Front Row: Gaye Mitchell, Bette Wilson, Reba McDuffie
Middle Row: Dr. Eldon Tommey, Dr. Moises Menendez, Sandy Dennis. Betty Tucker, Toni Polk, Janice Fitzgerald, Diana Cardin, Faye Evans, Dr. Robert Tommey
Back Row: Dr. David Yocum, David Love, Brenda Murphree, Dr. Bill Scurlock, Dr. John Moore, Kathy Hicks, Lori Haynie
I began my private practice of general surgery in November, 1971 in my hometown of El Dorado, Arkansas following an active duty assignment in the United States Air Force. I was able to serve our country from 1969 to 1971 as the only surgeon at Moody Air Force Base in Valdosta, Georgia. Cathy and I were thankful for the privilege of serving in this manner and were grateful I was not given a duty assignment in Vietnam where the war was raging during those years.
Deciding to go back home was not too difficult, because my brother Berry Lee (Bubba) had been there in Family Practice since 1957, and I was joining him in his newly built office. The office was located between the two hospitals which were 4 blocks apart. It seemed initially like an ideal situation, since he would be referring all of his surgical patients to me. The problem was I would also be treating some general medical patients, in addition to taking care of his medical patients when I was on call. I was not adequately trained to treat hypertension, diabetes, heart problems and other general medical problems. I had to learn those treatment skills in addition to treating my own surgical patients. It was not the best situation, but the real problem was in trying to have a referral surgical practice. The other family doctors in town were not inclined to refer their patients to me thinking those patients might not return to their care following their operation. After 2 years of serving with Bubba in his office we both decided a change was needed for my sake.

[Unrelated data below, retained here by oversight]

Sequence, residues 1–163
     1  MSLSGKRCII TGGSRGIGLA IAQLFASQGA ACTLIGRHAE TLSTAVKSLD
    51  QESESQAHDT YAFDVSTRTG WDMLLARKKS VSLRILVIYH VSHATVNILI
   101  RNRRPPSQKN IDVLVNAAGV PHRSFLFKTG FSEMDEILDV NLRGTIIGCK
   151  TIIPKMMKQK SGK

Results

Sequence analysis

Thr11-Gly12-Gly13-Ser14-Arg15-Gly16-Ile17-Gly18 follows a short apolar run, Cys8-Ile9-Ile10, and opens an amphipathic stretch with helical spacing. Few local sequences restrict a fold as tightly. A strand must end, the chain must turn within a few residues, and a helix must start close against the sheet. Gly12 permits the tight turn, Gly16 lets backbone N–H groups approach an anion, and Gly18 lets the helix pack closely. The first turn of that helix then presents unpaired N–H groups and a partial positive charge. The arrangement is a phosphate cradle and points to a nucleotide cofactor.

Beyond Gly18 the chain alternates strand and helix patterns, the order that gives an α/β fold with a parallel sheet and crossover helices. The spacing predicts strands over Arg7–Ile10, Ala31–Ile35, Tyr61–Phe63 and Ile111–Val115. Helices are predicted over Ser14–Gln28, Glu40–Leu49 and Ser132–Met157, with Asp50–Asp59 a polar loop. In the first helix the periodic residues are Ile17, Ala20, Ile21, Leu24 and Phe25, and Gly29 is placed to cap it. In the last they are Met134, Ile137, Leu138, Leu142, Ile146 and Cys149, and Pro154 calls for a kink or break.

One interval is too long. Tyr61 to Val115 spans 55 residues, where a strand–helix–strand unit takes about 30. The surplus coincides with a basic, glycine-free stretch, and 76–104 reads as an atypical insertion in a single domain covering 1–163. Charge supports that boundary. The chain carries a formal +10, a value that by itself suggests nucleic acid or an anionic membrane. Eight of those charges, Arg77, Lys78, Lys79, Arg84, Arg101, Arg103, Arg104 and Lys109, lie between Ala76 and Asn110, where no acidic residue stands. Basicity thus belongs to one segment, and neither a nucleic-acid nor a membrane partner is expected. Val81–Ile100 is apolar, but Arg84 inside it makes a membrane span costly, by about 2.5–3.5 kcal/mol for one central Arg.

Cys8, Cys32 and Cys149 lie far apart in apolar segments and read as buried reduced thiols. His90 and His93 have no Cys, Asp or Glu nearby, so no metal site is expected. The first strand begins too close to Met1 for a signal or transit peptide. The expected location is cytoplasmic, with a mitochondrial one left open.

There were 3 other general surgeons at the time in El Dorado who practiced in the same office; Dr. David Yocum, Dr. Eldon Tommey and Dr. Bill Scurlock. Early in 1974 I approached them with a request to join them to which they quickly consented. We decided the name of our newly formed clinic would be The Surgical Clinic of South Arkansas. On April 1, 1974 I officially began my surgical career with the group and would continue with them throughout our time of living in El Dorado. Kathy Hicks, our receptionist also began her career on that date and continued to serve beyond my retirement in late 1999. In the ensuing years our clinic would add two other surgeons; Dr. Moises Menendez and Dr. Robert Tommey who is Dr. Eldon Tommey’s son.
The support office staff was led by Faye Evans who had been employed by Drs. Yocum and Dr. Tommey in 1953. Her knowledge and expertise in office management was unparalleled, and although she was kind, her relationship skills were considered by some too rigid. There was never a question of who was in charge of the support staff, and her decisions were always made in light of what was best for the clinic. I quickly adapted to this new practice style and adjusted to working in a much larger clinic. As we added the two additional surgeons the staff of nurses and support staff also increased.